Emily Tate

‘Dear Mr. Zuckerberg’: Students Take Summit Learning Protests Directly to Facebook Chief

Earlier this month, a group of high school students in New York City took to the streets to protest their school’s online program, Summit Learning. On Thursday, hoping to send a stronger message, they took it all the way to the top, with a letter to Facebook CEO Mark Zuckerberg.

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What’s in a Name? The Potential for Students to Self-Advocate

Sometimes the hardest part is just getting started. That probably holds true for a lot of people. But for some, like myself, it boils down to more than garden variety procrastination. It’s a research-backed phenomenon—and with a little work, it can be overcome.

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Why Aren’t Schools Using the Apps They Pay For?

With thousands of education apps available today, it can seem like students' success is in the palm of their hands. But easy to forget is that technology is not in itself a solution. For it to work as intended, it must be paired with other critical elements: professional development for teachers, thoughtful implementation and consistent engagement.

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A Supreme Court Justice’s Legacy in Edtech

With the contentious Supreme Court confirmation of Brett Kavanaugh still weighing on many Americans’ minds and a closely-watched midterm election just days away, now seems as good a time as any for educators to teach their students some civics.

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After Early Results, Personalized Learning Is 'Quickly Becoming District-Wide' in Dallas

Students at Dan D. Rogers Elementary School in Texas get an unusual introduction to technology. As they transition from first grade, to second, to third, their classroom devices change, too.One year they’ll use an iPad. The next, they’ll try a Kindle. After that, a Surface device, then a Chromebook.

A Test Worth Teaching To? How a College Dropout Plans to Replace the SAT and ACT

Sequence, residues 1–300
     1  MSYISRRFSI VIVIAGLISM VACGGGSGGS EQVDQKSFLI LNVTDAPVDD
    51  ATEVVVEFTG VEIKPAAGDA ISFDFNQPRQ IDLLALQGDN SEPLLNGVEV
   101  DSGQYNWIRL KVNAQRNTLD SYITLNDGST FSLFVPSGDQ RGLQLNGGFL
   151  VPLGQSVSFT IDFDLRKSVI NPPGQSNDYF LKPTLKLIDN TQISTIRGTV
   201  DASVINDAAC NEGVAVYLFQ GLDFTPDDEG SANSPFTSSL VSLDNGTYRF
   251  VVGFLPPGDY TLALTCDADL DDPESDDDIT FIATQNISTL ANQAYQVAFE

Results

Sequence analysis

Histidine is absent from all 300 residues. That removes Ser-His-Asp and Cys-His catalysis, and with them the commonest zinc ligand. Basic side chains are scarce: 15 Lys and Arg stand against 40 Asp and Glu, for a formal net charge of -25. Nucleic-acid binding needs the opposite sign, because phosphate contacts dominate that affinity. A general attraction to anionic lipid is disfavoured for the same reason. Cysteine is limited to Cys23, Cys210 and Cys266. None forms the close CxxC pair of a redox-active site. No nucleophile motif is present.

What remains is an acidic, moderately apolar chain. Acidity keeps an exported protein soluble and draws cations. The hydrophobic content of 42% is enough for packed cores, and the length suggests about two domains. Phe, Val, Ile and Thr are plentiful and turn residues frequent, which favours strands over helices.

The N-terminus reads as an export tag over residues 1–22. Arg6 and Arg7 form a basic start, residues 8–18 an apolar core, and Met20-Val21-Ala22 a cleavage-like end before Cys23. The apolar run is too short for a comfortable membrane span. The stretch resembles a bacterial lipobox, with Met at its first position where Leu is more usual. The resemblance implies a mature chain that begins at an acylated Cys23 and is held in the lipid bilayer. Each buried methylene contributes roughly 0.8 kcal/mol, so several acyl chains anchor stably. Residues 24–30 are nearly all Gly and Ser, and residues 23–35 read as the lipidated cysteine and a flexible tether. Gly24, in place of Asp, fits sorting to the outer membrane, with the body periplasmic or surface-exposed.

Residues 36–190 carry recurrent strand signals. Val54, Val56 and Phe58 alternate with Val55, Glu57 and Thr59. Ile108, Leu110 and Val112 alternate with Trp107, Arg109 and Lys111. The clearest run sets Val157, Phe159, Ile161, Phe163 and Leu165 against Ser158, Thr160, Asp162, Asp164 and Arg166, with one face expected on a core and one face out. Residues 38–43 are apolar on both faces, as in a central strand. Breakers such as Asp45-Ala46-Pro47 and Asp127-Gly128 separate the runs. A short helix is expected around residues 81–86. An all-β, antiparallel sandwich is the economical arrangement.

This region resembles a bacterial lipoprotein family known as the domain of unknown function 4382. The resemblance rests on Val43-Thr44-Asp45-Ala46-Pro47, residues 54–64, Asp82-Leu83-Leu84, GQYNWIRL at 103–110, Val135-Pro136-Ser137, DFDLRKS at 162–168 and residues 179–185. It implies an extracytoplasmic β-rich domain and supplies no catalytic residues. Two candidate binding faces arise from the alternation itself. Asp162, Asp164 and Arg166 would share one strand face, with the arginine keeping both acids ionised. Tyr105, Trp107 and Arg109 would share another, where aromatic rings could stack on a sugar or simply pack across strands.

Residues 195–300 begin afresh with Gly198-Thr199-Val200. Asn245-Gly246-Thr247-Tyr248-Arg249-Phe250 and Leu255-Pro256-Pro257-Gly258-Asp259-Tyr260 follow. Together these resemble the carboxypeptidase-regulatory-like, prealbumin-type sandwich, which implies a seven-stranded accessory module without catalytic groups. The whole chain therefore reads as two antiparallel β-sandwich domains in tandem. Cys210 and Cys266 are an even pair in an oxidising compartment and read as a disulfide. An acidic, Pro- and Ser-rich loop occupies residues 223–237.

Rebecca Kantar is fighting an uphill battle. She says so herself.The 26-year-old entrepreneur has set out to replace the standardized tests that are deeply entrenched in K-12 and higher education, like the SAT and ACT, and she tells EdSurge her efforts to do so are sure to spark controversy.

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How Do You Prepare Students for Jobs That Don’t Exist Yet? Karen Cator Has Some Ideas.

There is a lot of talk these days about robots replacing humans in the workforce, but those conversations remain largely abstract. For students in school today, however, the issue is urgent, research shows. What if the job they aspire to today is no longer an option when it comes time to graduate?

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New Merger Wants to Create ‘WeWork for Education’ Via Digital Badges and Mini-Campuses

Southern New Hampshire University (SNHU) and nonprofit LRNG have agreed to merge into one behemoth education organization with an ambitious goal: to streamline the disjointed pathways between K-12, higher education and the workforce and create something altogether more cohesive.

How Do You Make Education Research ‘Accessible and Usable’ for Teachers?

Nearly every week, if not every day, a new report comes out detailing the latest findings and results around what works—or doesn’t—when it comes to the latest instructional approaches and tech tools. But what’s clearly not working is getting educators to pay attention to this research to inform their own work in the classroom.

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From Hotspots to School Bus Wi-Fi, Districts Seek Out Solutions to ‘Homework Gap’

While most schools in the U.S. boast broadband access these days, and plenty of assignments require the internet, when students head home, their connections are not quite in lockstep with schools.Thus, there is a homework gap—the problem created when students who use digital learning in class can’t get online at home to finish up their schoolwork.

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